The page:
Thursday, February 14, 2013

The 'After' Life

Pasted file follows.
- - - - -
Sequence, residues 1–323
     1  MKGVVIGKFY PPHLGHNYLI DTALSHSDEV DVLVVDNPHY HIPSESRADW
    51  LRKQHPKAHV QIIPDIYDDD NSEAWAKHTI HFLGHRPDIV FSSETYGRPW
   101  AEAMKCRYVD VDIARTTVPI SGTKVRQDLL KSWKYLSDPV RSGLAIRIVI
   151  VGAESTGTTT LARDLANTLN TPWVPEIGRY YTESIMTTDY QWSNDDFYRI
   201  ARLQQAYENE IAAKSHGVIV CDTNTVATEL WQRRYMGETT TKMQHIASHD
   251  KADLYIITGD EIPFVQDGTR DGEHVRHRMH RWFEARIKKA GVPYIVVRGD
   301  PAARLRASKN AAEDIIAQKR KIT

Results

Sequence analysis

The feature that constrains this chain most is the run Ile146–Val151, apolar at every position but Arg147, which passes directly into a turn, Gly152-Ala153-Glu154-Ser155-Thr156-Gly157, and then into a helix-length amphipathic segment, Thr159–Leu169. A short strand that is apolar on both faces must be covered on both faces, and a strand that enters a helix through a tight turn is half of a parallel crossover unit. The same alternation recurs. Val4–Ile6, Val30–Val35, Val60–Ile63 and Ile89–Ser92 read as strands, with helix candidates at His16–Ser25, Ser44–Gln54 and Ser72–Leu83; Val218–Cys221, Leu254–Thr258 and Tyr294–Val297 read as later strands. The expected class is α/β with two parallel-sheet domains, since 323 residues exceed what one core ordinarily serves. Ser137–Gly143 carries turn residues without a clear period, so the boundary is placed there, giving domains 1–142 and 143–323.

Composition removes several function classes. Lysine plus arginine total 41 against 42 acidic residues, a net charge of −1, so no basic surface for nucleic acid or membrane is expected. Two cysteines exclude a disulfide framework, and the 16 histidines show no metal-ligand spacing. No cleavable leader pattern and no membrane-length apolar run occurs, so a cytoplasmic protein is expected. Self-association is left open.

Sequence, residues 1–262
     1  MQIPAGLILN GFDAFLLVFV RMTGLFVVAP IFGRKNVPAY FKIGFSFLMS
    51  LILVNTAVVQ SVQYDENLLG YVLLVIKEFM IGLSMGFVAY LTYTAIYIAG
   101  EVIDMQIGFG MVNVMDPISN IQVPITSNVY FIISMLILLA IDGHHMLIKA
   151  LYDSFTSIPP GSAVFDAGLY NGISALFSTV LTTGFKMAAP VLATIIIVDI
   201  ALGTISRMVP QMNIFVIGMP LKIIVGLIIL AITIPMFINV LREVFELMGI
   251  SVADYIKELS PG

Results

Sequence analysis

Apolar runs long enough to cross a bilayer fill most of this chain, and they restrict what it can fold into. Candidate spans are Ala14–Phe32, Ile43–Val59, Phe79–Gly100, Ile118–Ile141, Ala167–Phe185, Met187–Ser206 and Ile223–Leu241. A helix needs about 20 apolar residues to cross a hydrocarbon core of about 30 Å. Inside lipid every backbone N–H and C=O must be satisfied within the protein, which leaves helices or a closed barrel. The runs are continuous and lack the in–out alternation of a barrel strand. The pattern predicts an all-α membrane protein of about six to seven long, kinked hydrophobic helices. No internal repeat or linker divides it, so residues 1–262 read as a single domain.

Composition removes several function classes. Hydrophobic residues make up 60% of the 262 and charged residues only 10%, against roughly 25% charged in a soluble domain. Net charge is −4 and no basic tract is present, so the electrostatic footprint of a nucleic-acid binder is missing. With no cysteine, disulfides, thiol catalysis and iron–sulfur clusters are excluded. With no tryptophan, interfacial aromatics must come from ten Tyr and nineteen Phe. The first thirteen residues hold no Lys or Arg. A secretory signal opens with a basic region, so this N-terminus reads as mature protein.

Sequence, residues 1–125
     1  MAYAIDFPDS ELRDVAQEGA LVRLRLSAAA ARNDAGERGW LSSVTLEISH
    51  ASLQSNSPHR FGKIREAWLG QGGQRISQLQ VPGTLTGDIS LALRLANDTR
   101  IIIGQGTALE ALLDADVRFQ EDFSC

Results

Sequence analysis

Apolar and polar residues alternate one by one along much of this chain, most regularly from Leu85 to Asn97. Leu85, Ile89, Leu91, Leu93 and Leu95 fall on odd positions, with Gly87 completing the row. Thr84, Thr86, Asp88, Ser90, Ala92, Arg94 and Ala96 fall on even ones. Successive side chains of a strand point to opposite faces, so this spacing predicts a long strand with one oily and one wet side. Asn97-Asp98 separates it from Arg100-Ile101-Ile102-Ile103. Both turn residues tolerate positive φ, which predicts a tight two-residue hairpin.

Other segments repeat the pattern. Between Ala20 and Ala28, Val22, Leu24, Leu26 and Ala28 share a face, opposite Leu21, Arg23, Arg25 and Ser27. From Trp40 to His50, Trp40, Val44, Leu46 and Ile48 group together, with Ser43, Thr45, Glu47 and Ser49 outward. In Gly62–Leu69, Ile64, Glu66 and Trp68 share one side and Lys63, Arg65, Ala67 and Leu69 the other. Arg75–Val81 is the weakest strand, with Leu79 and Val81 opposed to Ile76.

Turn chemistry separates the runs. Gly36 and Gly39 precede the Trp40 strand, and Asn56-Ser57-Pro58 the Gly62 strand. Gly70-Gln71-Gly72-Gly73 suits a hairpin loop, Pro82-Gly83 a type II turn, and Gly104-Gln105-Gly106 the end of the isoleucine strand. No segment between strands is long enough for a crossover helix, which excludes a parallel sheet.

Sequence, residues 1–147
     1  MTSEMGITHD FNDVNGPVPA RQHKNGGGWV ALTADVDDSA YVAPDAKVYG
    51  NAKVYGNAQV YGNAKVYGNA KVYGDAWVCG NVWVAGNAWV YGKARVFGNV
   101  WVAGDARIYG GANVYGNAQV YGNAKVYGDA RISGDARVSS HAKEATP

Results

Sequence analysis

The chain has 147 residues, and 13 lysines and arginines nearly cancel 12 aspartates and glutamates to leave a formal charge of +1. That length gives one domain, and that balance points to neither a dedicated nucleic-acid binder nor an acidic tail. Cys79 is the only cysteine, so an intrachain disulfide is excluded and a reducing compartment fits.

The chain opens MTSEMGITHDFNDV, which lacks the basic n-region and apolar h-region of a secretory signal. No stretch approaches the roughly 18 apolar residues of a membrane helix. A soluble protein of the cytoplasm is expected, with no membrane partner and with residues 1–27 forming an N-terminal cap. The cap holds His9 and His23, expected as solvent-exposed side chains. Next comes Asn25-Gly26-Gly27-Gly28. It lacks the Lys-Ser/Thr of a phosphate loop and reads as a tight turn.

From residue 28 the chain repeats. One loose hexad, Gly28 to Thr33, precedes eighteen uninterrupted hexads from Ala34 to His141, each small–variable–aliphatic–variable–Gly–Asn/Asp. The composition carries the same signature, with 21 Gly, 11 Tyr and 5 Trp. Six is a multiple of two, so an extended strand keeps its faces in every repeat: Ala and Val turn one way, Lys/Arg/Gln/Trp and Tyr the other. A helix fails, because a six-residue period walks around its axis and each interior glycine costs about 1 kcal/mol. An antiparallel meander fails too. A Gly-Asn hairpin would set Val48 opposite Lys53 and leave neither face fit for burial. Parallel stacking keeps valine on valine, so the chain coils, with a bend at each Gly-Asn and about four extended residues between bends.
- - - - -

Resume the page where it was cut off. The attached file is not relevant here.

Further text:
Last summer I was asked to speak as part of a panel on the topic of "Staying Ahead of the Curve: How to stay relevant in an ever-changing World". Each of the five panelists was an example of successful accomplishments in their respective areas. I took the point of view of personal relevance outside of the title bestowed upon you at your job and the challenges of staying relevant when that title does not exist, either through retirement, or downsizing or other circumstances. Most of us when we meet others will begin the conversation with a general, "So, what do you do?". Much like "How are you", the person asking the question already has an expectation of what the response will be and is unprepared for an atypical response. "How are you?"demands the response "I am good!" (though technically it should be I am well but that is another post). Any other response, however honest it is, leaves the questioner wishing they had not asked the question. Because in reality, we seldom really want to know how the person is, we are simply using the question to open dialog into a space where both parties will be comfortable spending some time in conversation. "What do you do" is a similar question, though the asker's expectation of a response is of a more general note: the respondent will state their title/responsibilities at the place that provides them their income. This is because the impetus behind the question is less about wanting to really know what occupies the person's time and more about placing them in a context which allows the questioner to evaluation the respondent's relevance. So back to the panel discussion of last summer. I spoke about the need to be more that what you do for a living, about being able to answer the 'what do you do' question with a litany of what makes you who you are: playing the violin, volunteering for charities, etc. Because not only will it jolt the questioner and enable you to stick in their minds as an interesting if unique person but because by not answering with your occupation, you start the process of seeing value in yourself beyond your job. I stand by my thinking on the topic although having gone through the loss of my job recently, I have come to realize that I only addressed one side of the challenge of personal relevance in a changing world. My company recently changed direction and closed the businesses in which I was involved. For me, it presents an exciting opportunity to take a new path in life and I have fully embraced this new status. There are so many things I can do aside from simply getting another job exactly like the one I just left and to figure out which ones are right for me, I have termed the short term phase my "Sabbatical". Not a vacation but a time of research and exploration with the goal of delivering myself to a new space that challenges me, enables me to contribute my talents and skills in a meaningful way and which rewards me in whatever way makes the most sense for me. But telling people that I am on sabbatical has elicited unexpected responses. At a recent cocktail reception for up-and-coming business professionals, several people who heard my response clearly did not get the answer they needed (the one that gave me context for them) so they tried again: "What are you taking a sabbatical from?" and that is where the conversation fell apart. Because they wanted the title and company information so critical to their ability to process me and I had none to provide to them. And rather than seeing the opportunity to ask what I was researching (a very natural question for someone on sabbatical), they simply turned away. It would be easy for me to fault them and to some degree there is a fault there. As I reflected on those interactions, however, I realize that while I am okay with no longer having an easy answer to "What to do you", I need to do a better job of reading my audience and choosing my words in a way that enables them to more easily associate with my response. While personally I do not believe I retired from XYZ Inc., telling someone that I recently retired and am now giving myself a sabbatical is probably a better response because it satisfies the other person's need for context (Oh, she was a successful person in a big company, she is credible). And steering away from the phrases associated with victim status (I was downsized) ensures I am not creating a polarizing situation.

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